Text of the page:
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76ers 98, Celtics 97

Celtics roll to a stop

Big lead - and 11-game winning streak - given away in second half

By Julian Benbow
Globe Staff / December 19, 2009

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Whatever the problems were, overconfidence had never been one of them.

Slow starts had plagued the Celtics. So had poor rebounding. So had stretches in games that were more hollow than others. But never inflated ego.

Last night’s 98-97 loss to Philadelphia was different.

Boston had won 11 straight, the longest stretch by any team this year. Philadelphia had lost four of five coming into the Garden and they were without Allen Iverson, the former ace of the franchise re-signed to shore up a rickety backcourt.

The Celtics went up as many as 15 in the first half. Kendrick Perkins nearly had a double-double in the first quarter. Tony Allen seemed like he was everywhere at once. But once the lead got comfortable, so did the Celtics.

“You almost hate to go up [big],’’ said Ray Allen, “because your human nature has you settling and getting comfortable.’’

There’s a swagger that comes with a winning streak. And having done so and then come out and run up a large lead, Celtics coach Doc Rivers, said his team had a false sense of it.

“We played with this swagger - the losing swagger,’’ Rivers said. “It’s one thing to have the winning swagger and you go out and you feel great about your team, and you go out and play. And then there’s another thing when you just show up and you think the other team’s going to lay over and fall because you’re the Celtics.’’

Instead, the Sixers got a stimulus package from the bench in Elton Brand’s 23-point, eight-rebound effort along with 17 points from Marreese Speights.

After shooting 32 percent in the first half, the Sixers outscored the Celtics, 30-23, in the third quarter, fueled by Brand, Willie Green, and Andre Iguodala. With Rajon Rondo on the floor alongside Brian Scalabrine, Tony Allen, and Shelden Williams, the Sixers went to a zone.

“I think it kind of froze us up a little bit,’’ said Rondo. “We knew it was coming. We just didn’t run our sets or execute well against their zone. They made big plays, they got and-1 after and-1 and they got the rebounds and we didn’t.’’

Adding to the frustration was a self-inflicted wound.

Rasheed Wallace was ejected for the first time in a Celtics uniform. He picked up his first of two technicals for barking at official Leroy Richardson. He kept it up coming out of a timeout, and was tossed by Bill Kennedy.

Meanwhile, the Sixers were climbing out of the grave.

Rivers had warned his team before the game that the Sixers played in spurts, and down 76-72 going into the fourth, they went on their most critical burst.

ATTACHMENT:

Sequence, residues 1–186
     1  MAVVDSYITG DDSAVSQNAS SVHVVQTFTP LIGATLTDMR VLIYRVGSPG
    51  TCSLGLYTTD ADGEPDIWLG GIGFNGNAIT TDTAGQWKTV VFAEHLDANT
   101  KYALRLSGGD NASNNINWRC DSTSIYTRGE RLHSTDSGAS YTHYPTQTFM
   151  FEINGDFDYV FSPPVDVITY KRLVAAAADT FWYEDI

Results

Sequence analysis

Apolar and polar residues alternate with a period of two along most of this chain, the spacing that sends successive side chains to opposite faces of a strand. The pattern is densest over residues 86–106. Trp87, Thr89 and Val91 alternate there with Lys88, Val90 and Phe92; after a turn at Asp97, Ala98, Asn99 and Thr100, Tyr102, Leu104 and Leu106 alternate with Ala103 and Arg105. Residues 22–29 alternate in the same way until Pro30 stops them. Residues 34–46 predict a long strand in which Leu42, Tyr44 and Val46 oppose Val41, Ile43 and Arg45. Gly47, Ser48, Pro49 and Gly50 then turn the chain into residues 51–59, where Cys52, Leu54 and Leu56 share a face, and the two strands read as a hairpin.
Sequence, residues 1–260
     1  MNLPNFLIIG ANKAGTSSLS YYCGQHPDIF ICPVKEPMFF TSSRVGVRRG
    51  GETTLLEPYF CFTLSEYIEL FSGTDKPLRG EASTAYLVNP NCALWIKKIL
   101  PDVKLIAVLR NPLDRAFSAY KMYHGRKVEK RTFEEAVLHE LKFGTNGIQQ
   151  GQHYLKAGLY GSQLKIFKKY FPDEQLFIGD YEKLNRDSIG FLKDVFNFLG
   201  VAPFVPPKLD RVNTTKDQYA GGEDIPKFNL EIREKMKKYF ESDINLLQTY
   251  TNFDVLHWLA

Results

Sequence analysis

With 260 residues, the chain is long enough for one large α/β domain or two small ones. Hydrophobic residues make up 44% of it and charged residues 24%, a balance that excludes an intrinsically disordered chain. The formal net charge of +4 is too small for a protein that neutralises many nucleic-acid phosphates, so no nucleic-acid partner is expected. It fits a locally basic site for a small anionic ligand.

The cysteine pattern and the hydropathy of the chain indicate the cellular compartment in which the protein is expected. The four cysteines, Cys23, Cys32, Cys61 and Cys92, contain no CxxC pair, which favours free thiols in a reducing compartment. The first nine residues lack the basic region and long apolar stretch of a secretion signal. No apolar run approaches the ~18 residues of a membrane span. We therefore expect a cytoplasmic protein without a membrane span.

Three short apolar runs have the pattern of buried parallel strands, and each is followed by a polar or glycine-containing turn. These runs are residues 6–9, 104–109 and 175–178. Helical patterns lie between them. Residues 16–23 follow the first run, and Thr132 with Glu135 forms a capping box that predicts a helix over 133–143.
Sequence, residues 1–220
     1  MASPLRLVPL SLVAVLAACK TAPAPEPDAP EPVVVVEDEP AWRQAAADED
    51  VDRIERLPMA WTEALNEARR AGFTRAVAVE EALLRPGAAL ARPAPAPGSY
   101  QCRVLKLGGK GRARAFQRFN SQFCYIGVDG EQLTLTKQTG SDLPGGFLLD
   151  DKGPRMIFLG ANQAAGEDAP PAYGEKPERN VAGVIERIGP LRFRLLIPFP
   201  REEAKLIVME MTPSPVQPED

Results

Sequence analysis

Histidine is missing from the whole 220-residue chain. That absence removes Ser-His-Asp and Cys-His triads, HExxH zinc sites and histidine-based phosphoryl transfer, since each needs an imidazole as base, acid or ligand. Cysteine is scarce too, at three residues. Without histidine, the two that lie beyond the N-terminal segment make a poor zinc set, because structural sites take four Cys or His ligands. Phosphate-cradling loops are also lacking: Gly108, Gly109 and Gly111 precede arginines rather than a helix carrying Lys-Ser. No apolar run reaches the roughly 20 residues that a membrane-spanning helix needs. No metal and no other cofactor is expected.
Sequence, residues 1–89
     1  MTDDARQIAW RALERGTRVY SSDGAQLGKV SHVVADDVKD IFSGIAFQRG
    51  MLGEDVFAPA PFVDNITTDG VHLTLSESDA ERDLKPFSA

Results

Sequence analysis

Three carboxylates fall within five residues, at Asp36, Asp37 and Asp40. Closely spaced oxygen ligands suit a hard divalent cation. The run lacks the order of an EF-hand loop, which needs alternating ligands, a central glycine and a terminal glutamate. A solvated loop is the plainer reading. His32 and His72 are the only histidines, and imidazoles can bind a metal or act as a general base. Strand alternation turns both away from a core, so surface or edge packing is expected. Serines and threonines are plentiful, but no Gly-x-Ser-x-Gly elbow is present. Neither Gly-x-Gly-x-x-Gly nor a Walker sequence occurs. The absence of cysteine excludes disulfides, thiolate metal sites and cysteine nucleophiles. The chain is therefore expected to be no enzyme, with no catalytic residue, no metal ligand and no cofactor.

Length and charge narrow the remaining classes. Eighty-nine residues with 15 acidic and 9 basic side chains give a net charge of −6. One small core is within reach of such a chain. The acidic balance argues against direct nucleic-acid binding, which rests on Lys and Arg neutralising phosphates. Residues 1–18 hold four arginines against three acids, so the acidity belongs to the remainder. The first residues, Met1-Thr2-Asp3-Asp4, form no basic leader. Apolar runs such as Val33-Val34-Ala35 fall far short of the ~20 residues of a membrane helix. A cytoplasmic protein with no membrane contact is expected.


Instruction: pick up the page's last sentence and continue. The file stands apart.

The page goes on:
Speights and Iguodala fired dagger after dagger. The rebounding numbers were practically even, (Boston, 46-45), but one rebound was the difference in the game. Brand tipped in a Speights miss with 7.7 seconds left putting the Celtics to bed along with their winning streak.

“Sometimes,’’ said Perkins. “You win a couple games in a row, you tend to just have this swagger like you can just walk on the court and just win games.’’

Trying to explain it, the buzz words were “urgency’’ and “execution’’ and “energy’’ or the lack of it.

“The ball for some reason stopped,’’ said Kevin Garnett, who led the Celtics with 21 points. “I think our energy [stunk] all night. I think we could have done a better job of having energy out there.’’

“I thought our attention to detail coming down the stretch started to go away a little bit,’’ Ray Allen said. “Our focus has been tremendous over the last month or so. Tonight, just small little things - the details - we just didn’t do. And obviously we lost.’’

The Celtics dropped to 8-4 at home, and all of their home losses have come on Friday nights. The past two seasons, they had only dropped six home games the entire year.

“We have not established any kind of home-court dominance,’’ Rivers said. “Right now we play like if we show up at home, home will take care of it for us. No, you’ve got to go play.’’

Paul Pierce, who scored 9 points on 4 of 12 shooting, had a look at a winning shot in the final seconds but missed.

“I’ve always said we’re our own worst enemy,’’ Pierce said. “We’ve got to take a look in the mirror and nothing else. Nothing with the coaches, nothing with the play calls. It’s about what we do as a team out there, executing and putting forth a better effort.’’

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